REPAIR work on the Scottish Parliament building has cost almost £13 million since it opened ten years ago.
The bill – which includes both “planned” and “reactive” maintenance – has climbed steadily from £314,680 in 2004/05 to £1,785,729 last year.
The £12,784,455 total takes in such work as the regular re-varnishing of the “bamboo” poles outside MSPs’ windows and around the exterior of the £414m building, as well as items such as the £49,000 to repair granite cladding panels which came loose in strong winds.
But it does not cover the new £6.5m security extension added at the front of the building, the millions more spent on other security measures such as turnstile entrances, concrete bollards and a triangular roundabout, or the £500,000 to install extra toilets.
Lothian Labour MSP Kezia Dugdale pointed out the maintenance bill was almost one-third of the original £40m estimate for construction of the building.
She said: “At the end of the day it’s our national parliament and it should be a building of significance we can be proud of. But when maintenance costs are a third of what people thought it would cost to build, you have to ask hard questions about whether we are getting value for money.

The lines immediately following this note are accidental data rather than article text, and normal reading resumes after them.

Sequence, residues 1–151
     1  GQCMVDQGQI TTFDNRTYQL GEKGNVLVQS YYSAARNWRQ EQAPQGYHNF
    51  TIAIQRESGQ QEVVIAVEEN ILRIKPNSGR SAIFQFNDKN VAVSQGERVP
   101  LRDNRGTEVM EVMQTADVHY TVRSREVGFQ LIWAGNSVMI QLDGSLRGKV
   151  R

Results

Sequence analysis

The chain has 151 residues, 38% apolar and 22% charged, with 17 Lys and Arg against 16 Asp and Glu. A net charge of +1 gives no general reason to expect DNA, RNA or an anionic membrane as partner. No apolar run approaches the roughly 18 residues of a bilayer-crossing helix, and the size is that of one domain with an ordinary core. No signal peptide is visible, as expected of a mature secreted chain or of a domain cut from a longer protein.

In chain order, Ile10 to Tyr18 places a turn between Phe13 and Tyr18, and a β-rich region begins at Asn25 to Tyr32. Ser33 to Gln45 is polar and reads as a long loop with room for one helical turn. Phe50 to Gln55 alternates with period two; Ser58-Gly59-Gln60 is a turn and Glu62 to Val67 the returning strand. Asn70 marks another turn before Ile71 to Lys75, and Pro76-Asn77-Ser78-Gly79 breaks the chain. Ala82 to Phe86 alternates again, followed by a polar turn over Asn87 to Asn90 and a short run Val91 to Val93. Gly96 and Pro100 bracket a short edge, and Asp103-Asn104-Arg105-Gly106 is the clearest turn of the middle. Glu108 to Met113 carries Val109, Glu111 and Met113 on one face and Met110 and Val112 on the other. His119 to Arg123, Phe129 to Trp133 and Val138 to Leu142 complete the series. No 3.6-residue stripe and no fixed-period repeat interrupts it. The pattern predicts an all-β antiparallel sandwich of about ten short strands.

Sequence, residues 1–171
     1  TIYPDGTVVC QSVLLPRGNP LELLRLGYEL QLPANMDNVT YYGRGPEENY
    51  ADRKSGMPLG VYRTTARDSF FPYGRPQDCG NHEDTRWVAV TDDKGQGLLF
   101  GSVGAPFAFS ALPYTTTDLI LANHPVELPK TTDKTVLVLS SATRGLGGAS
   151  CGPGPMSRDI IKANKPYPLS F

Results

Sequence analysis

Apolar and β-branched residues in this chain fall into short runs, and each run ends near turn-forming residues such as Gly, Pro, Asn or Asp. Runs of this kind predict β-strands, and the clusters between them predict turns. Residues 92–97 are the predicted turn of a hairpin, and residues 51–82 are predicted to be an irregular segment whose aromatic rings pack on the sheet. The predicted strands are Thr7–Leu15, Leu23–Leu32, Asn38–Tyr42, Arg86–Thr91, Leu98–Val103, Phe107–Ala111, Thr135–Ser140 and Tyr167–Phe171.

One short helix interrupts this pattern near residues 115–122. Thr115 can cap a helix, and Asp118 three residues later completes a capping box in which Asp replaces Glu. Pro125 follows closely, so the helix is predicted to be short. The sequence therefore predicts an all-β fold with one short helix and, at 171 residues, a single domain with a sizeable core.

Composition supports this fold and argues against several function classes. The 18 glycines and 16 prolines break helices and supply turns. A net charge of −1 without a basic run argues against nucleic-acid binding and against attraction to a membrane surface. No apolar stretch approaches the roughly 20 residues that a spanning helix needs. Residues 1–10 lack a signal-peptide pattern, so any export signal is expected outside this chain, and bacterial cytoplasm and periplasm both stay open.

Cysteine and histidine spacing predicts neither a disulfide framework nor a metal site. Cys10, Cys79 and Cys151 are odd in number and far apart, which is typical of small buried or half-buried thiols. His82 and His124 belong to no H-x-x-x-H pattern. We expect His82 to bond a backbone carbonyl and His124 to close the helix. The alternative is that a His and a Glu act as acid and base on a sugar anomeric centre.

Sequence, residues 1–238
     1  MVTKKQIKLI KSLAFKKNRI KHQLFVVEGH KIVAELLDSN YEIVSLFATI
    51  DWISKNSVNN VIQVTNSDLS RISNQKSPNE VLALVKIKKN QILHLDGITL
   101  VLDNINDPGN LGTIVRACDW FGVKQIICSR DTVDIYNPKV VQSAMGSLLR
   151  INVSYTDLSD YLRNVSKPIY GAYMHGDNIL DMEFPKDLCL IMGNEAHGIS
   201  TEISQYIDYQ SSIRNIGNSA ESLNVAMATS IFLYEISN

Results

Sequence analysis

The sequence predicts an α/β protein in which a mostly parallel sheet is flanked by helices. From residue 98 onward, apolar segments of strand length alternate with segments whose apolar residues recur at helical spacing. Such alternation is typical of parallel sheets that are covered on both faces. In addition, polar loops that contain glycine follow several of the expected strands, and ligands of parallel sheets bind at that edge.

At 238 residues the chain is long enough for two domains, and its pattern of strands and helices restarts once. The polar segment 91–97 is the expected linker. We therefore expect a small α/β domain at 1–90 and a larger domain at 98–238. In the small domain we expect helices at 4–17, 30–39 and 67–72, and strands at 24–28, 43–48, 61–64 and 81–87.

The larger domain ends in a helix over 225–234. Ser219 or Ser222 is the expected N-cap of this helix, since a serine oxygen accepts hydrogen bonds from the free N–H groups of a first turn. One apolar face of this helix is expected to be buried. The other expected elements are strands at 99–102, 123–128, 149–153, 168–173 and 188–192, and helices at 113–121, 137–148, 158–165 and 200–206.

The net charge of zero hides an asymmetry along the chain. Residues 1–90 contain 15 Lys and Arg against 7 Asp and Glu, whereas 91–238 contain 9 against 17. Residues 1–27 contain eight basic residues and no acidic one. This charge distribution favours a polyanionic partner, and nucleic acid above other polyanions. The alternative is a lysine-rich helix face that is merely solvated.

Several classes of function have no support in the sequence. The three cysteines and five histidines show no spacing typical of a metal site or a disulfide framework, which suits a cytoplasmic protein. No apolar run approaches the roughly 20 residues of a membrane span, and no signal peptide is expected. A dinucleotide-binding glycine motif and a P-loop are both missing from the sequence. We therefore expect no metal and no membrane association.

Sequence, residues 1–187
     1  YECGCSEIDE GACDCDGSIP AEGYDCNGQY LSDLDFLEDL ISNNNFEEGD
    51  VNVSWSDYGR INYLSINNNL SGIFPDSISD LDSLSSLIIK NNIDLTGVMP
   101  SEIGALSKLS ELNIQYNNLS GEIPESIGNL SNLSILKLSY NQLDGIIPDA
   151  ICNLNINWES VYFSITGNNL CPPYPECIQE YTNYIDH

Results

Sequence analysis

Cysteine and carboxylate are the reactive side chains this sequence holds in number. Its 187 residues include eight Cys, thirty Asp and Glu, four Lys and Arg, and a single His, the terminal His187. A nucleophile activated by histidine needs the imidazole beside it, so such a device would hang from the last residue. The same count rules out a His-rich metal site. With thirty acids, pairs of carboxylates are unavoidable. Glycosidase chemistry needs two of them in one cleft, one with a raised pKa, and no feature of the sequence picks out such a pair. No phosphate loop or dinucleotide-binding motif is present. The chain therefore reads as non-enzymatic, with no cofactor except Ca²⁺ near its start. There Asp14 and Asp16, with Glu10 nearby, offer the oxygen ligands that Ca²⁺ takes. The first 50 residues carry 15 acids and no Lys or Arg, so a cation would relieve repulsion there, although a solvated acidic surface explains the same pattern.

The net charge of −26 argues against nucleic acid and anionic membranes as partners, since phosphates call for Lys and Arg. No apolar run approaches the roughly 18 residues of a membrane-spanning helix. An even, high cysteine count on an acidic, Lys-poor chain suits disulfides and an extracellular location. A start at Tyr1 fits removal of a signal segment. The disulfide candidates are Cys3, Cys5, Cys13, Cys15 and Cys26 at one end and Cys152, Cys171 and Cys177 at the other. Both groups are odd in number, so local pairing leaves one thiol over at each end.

“And if the parliament is allowing these costs to go on increasing, we need to ask harder questions about who is doing that work and whether we are getting the best deal.
“I’m not sure there is enough scrutiny of how decisions are being made about spending money on the building.”
She said although the Scottish Parliamentary Corporate Body included representatives of the political parties, who reported back to their groups, these reports often came after the money had been spent.
“The public will scratch their heads and wonder who is making these decisions,” Ms Dugdale said.
Independent Lothian MSP Margo MacDonald, who died earlier this year, warned repeatedly the unique design of the Holyrood building would mean permanently high maintenance costs as nothing could be “off the peg”.
And earlier this year, architectural writer David Black claimed maintenance costs would increase to a point by 2020 where it would make more economic sense to tear the building down and redevelop the site.
A Scottish Parliament spokesperson said: “Our annual maintenance cost reflects that Holyrood is an iconic, award-winning building that welcomes more than 350,000 visitors a year. All maintenance costs are met from within the parliament’s overall annual budget provision.”